Background Infections caused by multi-drug resistant organisms (MDRO) are associated with higher morbidity, mortality and healthcare costs. WHO recommends hospitals to monitor antimicrobial use to reduce MDRO prevalence.
Objectives This 4-year study described the annual MDRO prevalence, the annual antimicrobial consumption and their relationship.
Methods Annual antibiogram of Methicillin Resistant Staphylococcus aureus (MRSA), ESBL Escherichia coli, ESBL Klebsiella pneumoniae, and MDR Pseudomonas aeruginosa were evaluated. Data on annual consumption (Defined Daily Dose) of selected antimicrobials were analyzed. Linear regression was used to analyze trend in antimicrobial consumption and MDRO prevalence. Pearson's correlation coefficient was used to determine their relationship. A p-value<0.05 and r2>0.5 were considered statistically significant.
Result There was a significant increase in annual patient days while annual antibiotic usage decreased. The most common antibiotic class used in descending order were cephalosporins, beta-lactam/beta-lactamase inhibitors and fluoroquinolones. Individually, piperacillin-tazobactam, ceftriaxone and ertapenem use significantly increased. The prevalence of ESBL E.coli significantly increased, ESBL K.pneumoniae and MRSA remained stable and MDR P.aeruginosa significantly decreased. The increased consumption of cefazolin, cefepime, meropenem and cotrimoxazole were positively correlated with increased ESBL E.coli prevalence. The higher use of antimicrobials without anti-Pseudomonal activity ceftriaxone and ertapenem versus piperacillin-tazobactam were positively correlated with decreased MDR P.aeruginosa prevalence. MRSA prevalence positively correlated and mirrored linezolid usage as it is a 2nd line agent for it. The absence of increase in ESBL K.pneumoniae prevalence may be due to decreased fluoroquinolone use.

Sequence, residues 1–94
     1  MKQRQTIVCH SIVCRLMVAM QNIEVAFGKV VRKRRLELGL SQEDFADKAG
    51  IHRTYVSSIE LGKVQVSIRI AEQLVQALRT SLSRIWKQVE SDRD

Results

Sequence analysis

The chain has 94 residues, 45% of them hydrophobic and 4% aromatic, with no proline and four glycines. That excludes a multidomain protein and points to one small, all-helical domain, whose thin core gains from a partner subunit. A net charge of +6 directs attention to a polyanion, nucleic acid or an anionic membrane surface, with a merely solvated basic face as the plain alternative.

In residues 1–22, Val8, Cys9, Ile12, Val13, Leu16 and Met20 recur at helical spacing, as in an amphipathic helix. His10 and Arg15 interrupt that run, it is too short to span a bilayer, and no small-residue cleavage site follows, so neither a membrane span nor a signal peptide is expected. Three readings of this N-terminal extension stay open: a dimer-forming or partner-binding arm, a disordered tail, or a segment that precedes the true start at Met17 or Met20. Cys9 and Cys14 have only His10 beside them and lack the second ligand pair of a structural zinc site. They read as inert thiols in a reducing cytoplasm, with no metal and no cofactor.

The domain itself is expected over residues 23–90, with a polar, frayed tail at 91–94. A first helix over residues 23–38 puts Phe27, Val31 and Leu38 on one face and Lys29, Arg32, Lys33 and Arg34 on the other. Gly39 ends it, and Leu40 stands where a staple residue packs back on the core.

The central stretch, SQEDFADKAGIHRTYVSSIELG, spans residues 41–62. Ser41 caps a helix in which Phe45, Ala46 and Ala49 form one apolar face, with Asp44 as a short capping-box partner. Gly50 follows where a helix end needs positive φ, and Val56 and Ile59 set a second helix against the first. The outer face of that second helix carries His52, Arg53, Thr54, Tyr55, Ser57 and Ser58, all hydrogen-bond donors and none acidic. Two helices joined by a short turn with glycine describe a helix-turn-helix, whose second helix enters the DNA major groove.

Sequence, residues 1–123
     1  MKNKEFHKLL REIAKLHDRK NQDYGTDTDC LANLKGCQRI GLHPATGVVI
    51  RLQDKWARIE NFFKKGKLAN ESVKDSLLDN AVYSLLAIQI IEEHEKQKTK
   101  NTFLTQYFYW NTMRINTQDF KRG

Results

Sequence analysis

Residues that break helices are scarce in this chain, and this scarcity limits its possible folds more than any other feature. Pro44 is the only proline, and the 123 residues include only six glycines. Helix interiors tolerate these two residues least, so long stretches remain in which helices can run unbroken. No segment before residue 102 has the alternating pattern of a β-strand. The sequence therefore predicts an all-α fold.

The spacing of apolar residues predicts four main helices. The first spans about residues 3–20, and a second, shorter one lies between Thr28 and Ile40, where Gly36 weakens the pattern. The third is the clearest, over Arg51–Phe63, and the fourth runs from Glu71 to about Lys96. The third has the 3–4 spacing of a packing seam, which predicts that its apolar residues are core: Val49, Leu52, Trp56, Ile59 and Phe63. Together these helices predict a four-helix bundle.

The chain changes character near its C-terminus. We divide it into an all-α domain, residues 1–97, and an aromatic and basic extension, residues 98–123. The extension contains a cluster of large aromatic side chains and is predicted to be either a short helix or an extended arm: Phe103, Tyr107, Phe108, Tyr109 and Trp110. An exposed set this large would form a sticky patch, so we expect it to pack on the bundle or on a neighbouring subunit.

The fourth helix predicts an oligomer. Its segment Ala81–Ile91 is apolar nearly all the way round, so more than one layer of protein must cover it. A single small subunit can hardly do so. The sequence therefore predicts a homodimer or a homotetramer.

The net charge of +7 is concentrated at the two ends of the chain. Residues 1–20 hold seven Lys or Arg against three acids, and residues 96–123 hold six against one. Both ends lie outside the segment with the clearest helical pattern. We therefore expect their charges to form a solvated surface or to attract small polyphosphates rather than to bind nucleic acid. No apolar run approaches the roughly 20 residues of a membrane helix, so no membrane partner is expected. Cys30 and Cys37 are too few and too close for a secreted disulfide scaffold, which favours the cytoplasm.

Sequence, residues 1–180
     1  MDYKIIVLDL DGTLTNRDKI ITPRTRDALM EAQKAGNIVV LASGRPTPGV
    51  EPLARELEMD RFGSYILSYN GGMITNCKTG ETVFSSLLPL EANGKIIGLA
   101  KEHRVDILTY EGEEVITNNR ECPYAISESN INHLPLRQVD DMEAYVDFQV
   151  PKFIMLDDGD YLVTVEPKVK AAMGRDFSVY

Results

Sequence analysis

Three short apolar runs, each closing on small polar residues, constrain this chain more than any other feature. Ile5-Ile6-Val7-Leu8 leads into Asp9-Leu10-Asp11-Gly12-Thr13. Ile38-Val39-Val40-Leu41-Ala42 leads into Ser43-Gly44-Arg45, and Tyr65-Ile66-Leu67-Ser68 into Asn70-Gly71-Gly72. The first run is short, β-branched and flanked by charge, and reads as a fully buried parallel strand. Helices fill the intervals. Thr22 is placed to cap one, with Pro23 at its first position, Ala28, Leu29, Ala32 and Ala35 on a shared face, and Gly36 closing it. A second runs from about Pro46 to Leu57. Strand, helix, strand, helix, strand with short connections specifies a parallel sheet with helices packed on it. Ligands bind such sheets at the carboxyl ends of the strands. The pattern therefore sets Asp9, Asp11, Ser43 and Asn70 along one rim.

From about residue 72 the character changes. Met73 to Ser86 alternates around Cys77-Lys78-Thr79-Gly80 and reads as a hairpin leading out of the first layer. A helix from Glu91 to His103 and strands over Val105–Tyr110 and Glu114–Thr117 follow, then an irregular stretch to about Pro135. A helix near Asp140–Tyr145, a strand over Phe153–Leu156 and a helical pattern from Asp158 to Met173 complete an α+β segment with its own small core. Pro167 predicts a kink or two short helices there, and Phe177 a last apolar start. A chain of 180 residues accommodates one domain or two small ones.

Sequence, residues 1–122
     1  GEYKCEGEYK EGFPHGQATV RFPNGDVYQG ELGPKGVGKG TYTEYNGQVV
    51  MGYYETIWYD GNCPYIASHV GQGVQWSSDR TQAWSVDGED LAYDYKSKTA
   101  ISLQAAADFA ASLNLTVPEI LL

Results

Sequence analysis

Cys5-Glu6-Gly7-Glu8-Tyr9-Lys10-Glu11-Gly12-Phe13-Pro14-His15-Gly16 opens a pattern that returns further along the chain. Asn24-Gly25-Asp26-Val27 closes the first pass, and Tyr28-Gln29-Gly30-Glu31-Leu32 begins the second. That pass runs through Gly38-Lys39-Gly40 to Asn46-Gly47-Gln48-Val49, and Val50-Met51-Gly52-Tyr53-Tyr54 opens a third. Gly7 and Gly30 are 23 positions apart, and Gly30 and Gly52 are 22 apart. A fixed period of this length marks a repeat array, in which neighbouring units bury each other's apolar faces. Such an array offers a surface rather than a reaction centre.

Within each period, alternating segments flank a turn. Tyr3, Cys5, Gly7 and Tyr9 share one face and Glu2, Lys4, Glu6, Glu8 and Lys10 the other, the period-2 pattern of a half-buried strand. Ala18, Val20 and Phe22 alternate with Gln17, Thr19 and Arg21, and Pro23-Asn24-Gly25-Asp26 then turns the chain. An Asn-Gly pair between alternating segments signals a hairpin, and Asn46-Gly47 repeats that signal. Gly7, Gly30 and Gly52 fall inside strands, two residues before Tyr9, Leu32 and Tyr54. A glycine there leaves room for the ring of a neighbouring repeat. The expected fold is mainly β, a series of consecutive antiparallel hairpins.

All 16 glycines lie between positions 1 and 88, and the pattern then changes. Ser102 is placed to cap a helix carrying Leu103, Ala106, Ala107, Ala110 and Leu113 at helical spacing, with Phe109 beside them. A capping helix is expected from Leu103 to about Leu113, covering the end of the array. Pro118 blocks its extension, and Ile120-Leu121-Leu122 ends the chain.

Conclusion This study at our institution found that antimicrobial use did not increase despite increase in annual patient days. The prevalence of ESBL E.coli increased, ESBL K.pneumoniae and MRSA remained stable, MDR P.aeruginosa decreased. A positive correlation between antimicrobial use and MDRO prevalence was established. Establishing an antibiotic restriction program at our institution is recommended to address the significant prevalence of MDRO.
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